For example, one learner built a web application whereby their peers can play a game that assesses their mental wellbeing.
Each level of the game is designed to allow the player to freely express how they are feeling. The hope is that the game can one day be commercialised.
Learners are also able to use their digital skills to advance their own academic studies, using platforms such as YouTube to watch maths lessons.
Teachers who participate in the programme explore technology and its uses alongside learners. They show enormous interest and willingness to learn, according to Mthintso, and participate fully in the programme from phases 1 to 3. Teachers also help instructors encourage learners who are struggling with the programme’s concepts and content.
Programme successes – and lessons learnt
The programme will conclude its third year in early 2022 after which the Foundation will assess its impact and any learnings derived therefrom.
“We want to take a step back and see how we can use the learnings from this programme to formulate a concrete programme that canimpactmanymorelearners,”saidMthintso.“
Having trialled the teaching of digital skills, we can use these findings to inform a new strategy.”
Although the programme is still running, the team has already noted two highlights:
Children who are not performing well academically can and do perform well on the programme
Children who may have dropped out of school because they have not performed well in certain subjects have excelled in the digital skills programme, which may indicate where their interests and competencies lie.
In essence, the programme teaches critical thinking skills, allowing learners to innovate in the real world – something of more interest to them than academic textbook chapters.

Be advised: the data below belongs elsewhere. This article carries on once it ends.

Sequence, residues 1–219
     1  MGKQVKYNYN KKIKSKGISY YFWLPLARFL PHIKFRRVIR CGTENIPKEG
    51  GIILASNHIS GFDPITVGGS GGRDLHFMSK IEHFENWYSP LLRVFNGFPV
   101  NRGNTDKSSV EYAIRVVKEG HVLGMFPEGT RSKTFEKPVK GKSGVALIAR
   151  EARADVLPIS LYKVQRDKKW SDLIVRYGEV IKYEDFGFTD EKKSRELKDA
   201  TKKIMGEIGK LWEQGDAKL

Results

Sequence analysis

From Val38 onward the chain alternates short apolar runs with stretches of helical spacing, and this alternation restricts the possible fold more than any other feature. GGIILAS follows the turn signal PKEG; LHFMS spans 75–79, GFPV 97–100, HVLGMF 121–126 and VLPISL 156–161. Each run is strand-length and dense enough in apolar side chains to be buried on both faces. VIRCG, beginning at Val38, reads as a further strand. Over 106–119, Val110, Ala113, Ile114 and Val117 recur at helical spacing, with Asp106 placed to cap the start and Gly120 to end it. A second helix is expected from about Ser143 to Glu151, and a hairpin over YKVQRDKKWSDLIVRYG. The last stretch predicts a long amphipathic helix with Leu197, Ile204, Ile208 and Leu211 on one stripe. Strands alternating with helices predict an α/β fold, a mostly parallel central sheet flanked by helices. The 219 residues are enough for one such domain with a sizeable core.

Collaborative learning leads to better outcomes
When learners work collaboratively, they tend to achieve a lot more than when they work on their own. There is also more sharing of knowledge and ideas.
The Telkom Foundation takes a holistic approach to education and recognises that learners need more than just a computer and a coding course to learn digital skills.
“We cannot just walk into a community with a truck full of computers and expect children to learn digital skills. Technology on its own does not make a difference – the ground has to be fertile,” said Mthintso.
Understanding that many learners require support in different environments, the Foundation has ensured that the Childline online chat functionality has been zero-rated, allowing children to discretely discuss any problems they may experience in the home or classroom.
The Foundation also supports teachers to integrate technology in teaching and learning by providing ongoing training and technical support. Training is both general technology integration as well as subject-specific resources and pedagogy.
Changing the world
“When we started teaching digital skills, learners had no prior access to technology. If you asked them what they wanted to be, they would say a teacher, nurse or police officer,”Mthintso said.“T hey were limited in how they thought of their future. Nowhere did they think they would have the ability to disrupt the economy and markets.
Now, by exposing children to a world of technology, we ensure that they can see they have more options.”
By introducing learners to coding, the Foundation has provided them with an opportunity to learn vital, practical skills that will be of use in their schools and communities alike.
“We created the opportunity and the learners thrived,” said Mthintso.
– Sarah Mthintso , Head of Telkom Foundation , www.telkom.co.za